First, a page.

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The role of mitochondrial DNA double-strand break repair in human disease and normal ageing

Final Report Summary - MITODSBR (The role of mitochondrial DNA double-strand break repair in human disease and normal ageing)

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Final summary report

Mutations in mitochondrial DNA (mtDNA) are known to cause a large number of genetic diseases and have also been linked to both normal ageing and neurodegeneration. In spite of this, our knowledge of the mechanisms of mtDNA deletions and repair is still very limited. The overall aim of this project was to investigate the molecular mechanism of mtDNA repair and its functional role in human disease.

During this Marie curie IOF project, Sjoerd Wanrooij has studied what is the mtDNA replisome response upon encounter of oxidative DNA damage. The data clearly demonstrate the replication system in the mitochondrial is ill equipped in dealing with these types of mtDNA damage. During the progress of this project others reported on the existence of an additional DNA polymerase located in the mammalian mitochondria (PrimPol). In agreement with this study we have confirmed PrimPols mitochondrial localization by microscopy. Furthermore we have additional data that shows a physical and functional interaction with the mtDNA replicative helicase TWINKLE. Our data demonstrates that PrimPol is able to assist the mtDNA replisome in efficiently by-passing certain types of oxidative DNA damage (eg. 8-oxoguanin) (figure 1). However, even in the presence of PrimPol other types of oxidative DNA damage (e.g. abasic sites) remains a total block for the progression of the mitochondrial replication machinery (Figure1).
Figure 1. The mitochondrial DNA polymerase gamma has difficulty bypassing oxidative DNA damage as 8-oxoguanine (G8) and abasic sites (AP). Addition of Primpol can assist DNA polymerase gamma to efficiently bypass 8-oxoguanine. An abasic sites however remains also in the presence of Primpol a total block for the mitochondrial DNA replication machinery. PrimPol DNA synthesis on 8-oxoguanine (G8) is nearly as efficient as replication on non-damaged (N.D.) DNA template.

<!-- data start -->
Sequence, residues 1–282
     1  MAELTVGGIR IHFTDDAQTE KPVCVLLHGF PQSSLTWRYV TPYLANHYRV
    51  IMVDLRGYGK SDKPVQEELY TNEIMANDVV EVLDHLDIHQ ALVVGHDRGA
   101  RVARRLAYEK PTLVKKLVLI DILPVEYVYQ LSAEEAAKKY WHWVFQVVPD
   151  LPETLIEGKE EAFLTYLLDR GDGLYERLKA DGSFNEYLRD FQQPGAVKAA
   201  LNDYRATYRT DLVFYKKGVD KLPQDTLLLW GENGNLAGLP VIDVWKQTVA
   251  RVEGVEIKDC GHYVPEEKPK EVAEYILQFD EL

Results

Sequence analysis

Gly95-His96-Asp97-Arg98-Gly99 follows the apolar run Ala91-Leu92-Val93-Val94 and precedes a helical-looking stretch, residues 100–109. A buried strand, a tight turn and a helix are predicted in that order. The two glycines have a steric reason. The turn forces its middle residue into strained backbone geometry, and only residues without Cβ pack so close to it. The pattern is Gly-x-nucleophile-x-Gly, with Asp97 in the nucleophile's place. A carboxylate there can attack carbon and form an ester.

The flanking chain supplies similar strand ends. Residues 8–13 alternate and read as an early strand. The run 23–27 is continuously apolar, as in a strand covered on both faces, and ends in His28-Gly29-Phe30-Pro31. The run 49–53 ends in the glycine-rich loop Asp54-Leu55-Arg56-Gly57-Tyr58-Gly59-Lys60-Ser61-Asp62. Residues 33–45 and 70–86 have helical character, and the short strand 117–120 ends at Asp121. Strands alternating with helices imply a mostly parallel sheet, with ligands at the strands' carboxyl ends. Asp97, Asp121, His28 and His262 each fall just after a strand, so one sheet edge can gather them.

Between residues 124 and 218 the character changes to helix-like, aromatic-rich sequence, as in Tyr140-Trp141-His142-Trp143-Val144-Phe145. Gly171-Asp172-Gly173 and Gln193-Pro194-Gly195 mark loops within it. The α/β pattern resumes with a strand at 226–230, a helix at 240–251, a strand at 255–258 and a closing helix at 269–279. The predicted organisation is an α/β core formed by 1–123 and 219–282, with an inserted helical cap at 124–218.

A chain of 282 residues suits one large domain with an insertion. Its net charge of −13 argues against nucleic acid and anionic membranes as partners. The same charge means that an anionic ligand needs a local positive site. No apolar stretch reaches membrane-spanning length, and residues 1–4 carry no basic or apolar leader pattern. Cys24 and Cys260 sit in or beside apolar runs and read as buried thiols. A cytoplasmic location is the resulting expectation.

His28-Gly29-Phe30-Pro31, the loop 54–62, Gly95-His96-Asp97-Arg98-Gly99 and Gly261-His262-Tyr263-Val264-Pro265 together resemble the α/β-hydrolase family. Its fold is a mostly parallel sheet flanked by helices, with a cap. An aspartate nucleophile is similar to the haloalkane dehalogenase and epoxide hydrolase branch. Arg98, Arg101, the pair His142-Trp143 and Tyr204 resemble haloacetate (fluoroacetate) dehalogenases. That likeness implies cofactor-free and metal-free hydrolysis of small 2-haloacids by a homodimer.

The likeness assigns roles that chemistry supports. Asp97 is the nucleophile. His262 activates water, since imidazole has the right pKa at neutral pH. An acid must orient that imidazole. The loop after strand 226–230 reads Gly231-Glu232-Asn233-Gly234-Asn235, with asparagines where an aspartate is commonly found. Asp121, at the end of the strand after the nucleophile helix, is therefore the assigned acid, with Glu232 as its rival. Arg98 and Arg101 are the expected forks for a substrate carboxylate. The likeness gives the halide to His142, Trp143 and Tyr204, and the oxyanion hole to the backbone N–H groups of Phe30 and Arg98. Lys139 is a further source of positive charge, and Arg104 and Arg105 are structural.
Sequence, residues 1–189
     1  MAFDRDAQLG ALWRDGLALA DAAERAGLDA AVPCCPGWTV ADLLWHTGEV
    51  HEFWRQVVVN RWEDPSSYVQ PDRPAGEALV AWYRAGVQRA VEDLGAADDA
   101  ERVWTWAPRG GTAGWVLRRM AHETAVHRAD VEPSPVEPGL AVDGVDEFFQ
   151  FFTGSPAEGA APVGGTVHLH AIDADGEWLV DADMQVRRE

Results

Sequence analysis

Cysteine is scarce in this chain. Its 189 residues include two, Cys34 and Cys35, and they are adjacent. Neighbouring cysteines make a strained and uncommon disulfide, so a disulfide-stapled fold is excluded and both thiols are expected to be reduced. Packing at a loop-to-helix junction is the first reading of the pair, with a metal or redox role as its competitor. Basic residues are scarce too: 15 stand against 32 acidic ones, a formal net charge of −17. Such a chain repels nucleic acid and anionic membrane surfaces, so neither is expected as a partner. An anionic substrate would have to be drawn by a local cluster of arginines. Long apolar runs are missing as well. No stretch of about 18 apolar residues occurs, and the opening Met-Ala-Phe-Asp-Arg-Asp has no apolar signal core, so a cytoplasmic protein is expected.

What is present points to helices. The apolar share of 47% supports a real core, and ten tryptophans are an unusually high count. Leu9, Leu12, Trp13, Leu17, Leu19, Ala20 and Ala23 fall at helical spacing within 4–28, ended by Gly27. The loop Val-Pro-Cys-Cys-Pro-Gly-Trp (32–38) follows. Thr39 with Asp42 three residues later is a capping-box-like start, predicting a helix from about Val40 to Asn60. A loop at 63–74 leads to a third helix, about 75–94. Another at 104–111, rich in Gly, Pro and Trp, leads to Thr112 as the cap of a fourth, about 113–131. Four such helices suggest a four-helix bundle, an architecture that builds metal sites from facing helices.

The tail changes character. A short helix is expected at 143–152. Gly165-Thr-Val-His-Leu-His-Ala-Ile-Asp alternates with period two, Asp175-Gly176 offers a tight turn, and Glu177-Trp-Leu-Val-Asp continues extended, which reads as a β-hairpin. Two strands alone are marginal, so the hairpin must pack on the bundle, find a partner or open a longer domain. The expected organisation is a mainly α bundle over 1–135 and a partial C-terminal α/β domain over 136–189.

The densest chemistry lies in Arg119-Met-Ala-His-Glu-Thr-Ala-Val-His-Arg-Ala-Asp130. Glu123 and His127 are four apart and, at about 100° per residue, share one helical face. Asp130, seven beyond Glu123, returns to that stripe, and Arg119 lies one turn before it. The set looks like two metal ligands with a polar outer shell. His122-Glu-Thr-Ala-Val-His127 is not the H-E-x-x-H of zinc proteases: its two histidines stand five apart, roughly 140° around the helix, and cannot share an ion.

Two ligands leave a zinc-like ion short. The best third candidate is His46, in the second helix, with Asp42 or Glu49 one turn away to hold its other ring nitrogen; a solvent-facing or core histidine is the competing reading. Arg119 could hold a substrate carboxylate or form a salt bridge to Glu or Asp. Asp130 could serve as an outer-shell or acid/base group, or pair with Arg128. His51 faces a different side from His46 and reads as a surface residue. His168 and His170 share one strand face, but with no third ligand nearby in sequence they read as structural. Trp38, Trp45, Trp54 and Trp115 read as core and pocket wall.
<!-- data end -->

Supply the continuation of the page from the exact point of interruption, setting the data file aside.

These results show that oxidative DNA damage can lead to mitochondrial DNA replication stalling. This stalling is the first step of mtDNA deletion formation. This is in particular of interest for mechanisms behind neurodegenerative disease. The affected tissue of e.g. Parkinson and Alzheimer disease have an increased levels of mitochondrial reactive oxygen species. This increase is likely to result in accumulation of mtDNA damage. We now show that this increase of mtDNA damage can lead via a mechanism of replication stalling to the formation of mtDNA deletions. mtDNA deletions found in neurodegenerative disease have great influence on the disease progression.

Another objective of this Marie Curie IOF project was to identify novel mtDNA repair factors. Sjoerd Wanrooij has been able to setup a method called Isolate Proteins On Nascent MtDNA-method (iPONM). This method is a mitochondrial DNA related adaption from the IPOND method that was published by by the Cortex lab (Sirbu et al 2012 Nat. protocol). Using this method we specifically pull down proteins that associate with actively replicating mtDNA (figure 2). In this way we have identified candidate proteins that are putative mtDNA replication protein. We are now in the progress of validating this data and address the precise function of these proteins in mtDNA metabolism. We are now ready to use this optimized method to investigate what DNA repair protein are requited to the mtDNA upon induction of mitochondrial DNA damage.



fig2. Isolate Proteins On Nascent MtDNA. After several optimization steps and proteomic analysis (1 and blue) we were able to identify several putative novel mtDNA replication proteins. We are in the process to validate these results with the candidate proteins individual and characterize the precise role of these protein in mtDNA metabolism (3 and pink). The next step is to implement this optimized protocol to investigate which protein will be requited after induction of mitochondrial DNA damage (2 and green).

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